What’s a birthday without a piñata?
A young girl’s family, along with some talented farm animals, get cracking as soon as she leaves for the market. To the traditional rhythms of “The House that Jack Built,” clay is gathered, water hauled, paper shredded, etc., until all is ready for the celebration. The girl and the code-switching rhyming scheme from Vamos’ The Cazuela that the Farm Maiden Stirred (illustrated by Rafael López, 2011) return for more Spanish vocabulary reinforcement. The inclusion of Oaxacan alebrijes indicates the setting is Mexico. As such, it’s puzzling as to why “pasta” is used for the glue paste instead of the correct piñata-making term: “engrudo.” The European term “farm maiden” is also incongruous to the setting. Barcelona-based Serra’s inaccurate illustrations further the sense of inauthenticity. The characters present as Spaniards and not Mexicans, as evidenced by clothing and hats. Plain wood carvings are substituted for the fantastical alebrijes referenced in the text. Papel picado banners are depicted as pennants instead of rectangles. His piñata seems to have clay points rather than cardboard. Even the “brilliant bluebells” the caballo picks are European rather than Mexican. To add insult to injury, the glossary includes Anglicized pronunciations: “sor-PRAY-sah” instead of sor-PREH-sah for “surprise.” Such lighthearted touches as the cat ferociously shredding paper cannot mitigate the book’s flaws.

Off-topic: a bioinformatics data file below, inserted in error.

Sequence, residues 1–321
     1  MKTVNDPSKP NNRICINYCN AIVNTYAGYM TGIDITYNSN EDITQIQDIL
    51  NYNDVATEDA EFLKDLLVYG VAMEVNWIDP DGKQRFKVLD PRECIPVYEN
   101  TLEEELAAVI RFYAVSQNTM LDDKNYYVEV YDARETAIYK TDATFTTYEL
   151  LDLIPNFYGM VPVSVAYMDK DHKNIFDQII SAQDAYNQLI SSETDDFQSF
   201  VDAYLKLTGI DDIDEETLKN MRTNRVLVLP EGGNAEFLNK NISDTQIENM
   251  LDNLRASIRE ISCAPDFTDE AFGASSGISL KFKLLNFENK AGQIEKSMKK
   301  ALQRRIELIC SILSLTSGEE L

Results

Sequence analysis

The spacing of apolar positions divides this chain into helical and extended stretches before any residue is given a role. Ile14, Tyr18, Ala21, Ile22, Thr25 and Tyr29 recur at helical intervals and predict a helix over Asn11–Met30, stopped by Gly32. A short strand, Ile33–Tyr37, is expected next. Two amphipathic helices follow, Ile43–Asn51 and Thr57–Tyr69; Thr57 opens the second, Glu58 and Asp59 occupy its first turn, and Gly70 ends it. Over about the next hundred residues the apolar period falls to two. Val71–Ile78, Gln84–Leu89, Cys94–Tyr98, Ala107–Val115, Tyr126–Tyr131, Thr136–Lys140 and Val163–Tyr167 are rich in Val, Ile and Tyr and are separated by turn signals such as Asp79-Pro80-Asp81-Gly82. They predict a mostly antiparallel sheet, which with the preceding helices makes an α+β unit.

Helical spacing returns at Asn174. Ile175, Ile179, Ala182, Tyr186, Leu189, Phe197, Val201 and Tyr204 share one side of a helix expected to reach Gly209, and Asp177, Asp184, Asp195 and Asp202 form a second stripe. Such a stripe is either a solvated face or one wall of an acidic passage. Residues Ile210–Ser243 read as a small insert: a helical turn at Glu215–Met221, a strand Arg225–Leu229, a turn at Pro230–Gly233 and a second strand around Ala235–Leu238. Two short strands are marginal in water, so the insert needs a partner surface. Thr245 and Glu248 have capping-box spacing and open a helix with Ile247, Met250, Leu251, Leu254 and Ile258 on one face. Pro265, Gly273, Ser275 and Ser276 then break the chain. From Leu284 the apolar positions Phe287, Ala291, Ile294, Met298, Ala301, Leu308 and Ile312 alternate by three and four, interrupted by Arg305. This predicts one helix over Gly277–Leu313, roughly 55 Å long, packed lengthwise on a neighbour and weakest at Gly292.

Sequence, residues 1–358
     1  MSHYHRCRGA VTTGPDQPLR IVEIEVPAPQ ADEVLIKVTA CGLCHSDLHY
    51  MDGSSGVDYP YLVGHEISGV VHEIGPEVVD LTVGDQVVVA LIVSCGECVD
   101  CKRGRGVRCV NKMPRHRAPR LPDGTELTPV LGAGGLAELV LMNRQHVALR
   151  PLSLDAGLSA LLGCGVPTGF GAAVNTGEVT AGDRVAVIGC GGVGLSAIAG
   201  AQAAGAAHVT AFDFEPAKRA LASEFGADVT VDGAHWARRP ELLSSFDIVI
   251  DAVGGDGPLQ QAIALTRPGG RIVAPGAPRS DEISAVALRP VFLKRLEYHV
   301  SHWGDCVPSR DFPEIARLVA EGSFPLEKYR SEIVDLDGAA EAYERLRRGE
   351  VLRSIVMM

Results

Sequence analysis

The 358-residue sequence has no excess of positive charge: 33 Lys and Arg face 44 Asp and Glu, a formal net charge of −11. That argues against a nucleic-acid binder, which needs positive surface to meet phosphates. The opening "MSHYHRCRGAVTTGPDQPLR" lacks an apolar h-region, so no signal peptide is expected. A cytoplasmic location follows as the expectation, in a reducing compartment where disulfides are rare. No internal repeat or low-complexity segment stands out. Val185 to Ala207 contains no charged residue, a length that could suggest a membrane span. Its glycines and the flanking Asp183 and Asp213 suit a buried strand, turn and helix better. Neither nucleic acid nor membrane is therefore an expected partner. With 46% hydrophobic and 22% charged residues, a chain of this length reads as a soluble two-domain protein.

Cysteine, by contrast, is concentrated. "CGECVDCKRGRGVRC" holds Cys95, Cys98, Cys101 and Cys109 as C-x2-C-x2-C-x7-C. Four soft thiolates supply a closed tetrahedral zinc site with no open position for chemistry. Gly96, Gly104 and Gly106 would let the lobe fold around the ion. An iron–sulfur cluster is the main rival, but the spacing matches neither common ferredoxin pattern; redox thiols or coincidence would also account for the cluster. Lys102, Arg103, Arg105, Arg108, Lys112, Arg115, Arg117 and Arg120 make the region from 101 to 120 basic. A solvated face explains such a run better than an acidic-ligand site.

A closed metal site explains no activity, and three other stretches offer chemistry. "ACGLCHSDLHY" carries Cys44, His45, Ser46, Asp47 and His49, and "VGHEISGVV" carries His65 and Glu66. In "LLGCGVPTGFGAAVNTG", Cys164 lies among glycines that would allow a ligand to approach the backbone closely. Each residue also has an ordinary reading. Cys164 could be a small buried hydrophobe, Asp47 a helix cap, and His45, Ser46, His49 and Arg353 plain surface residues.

What’s meant to be a cultural celebration is, alas, culturally inaccurate. (piñata instructions, glossary) (Picture book. 4-8)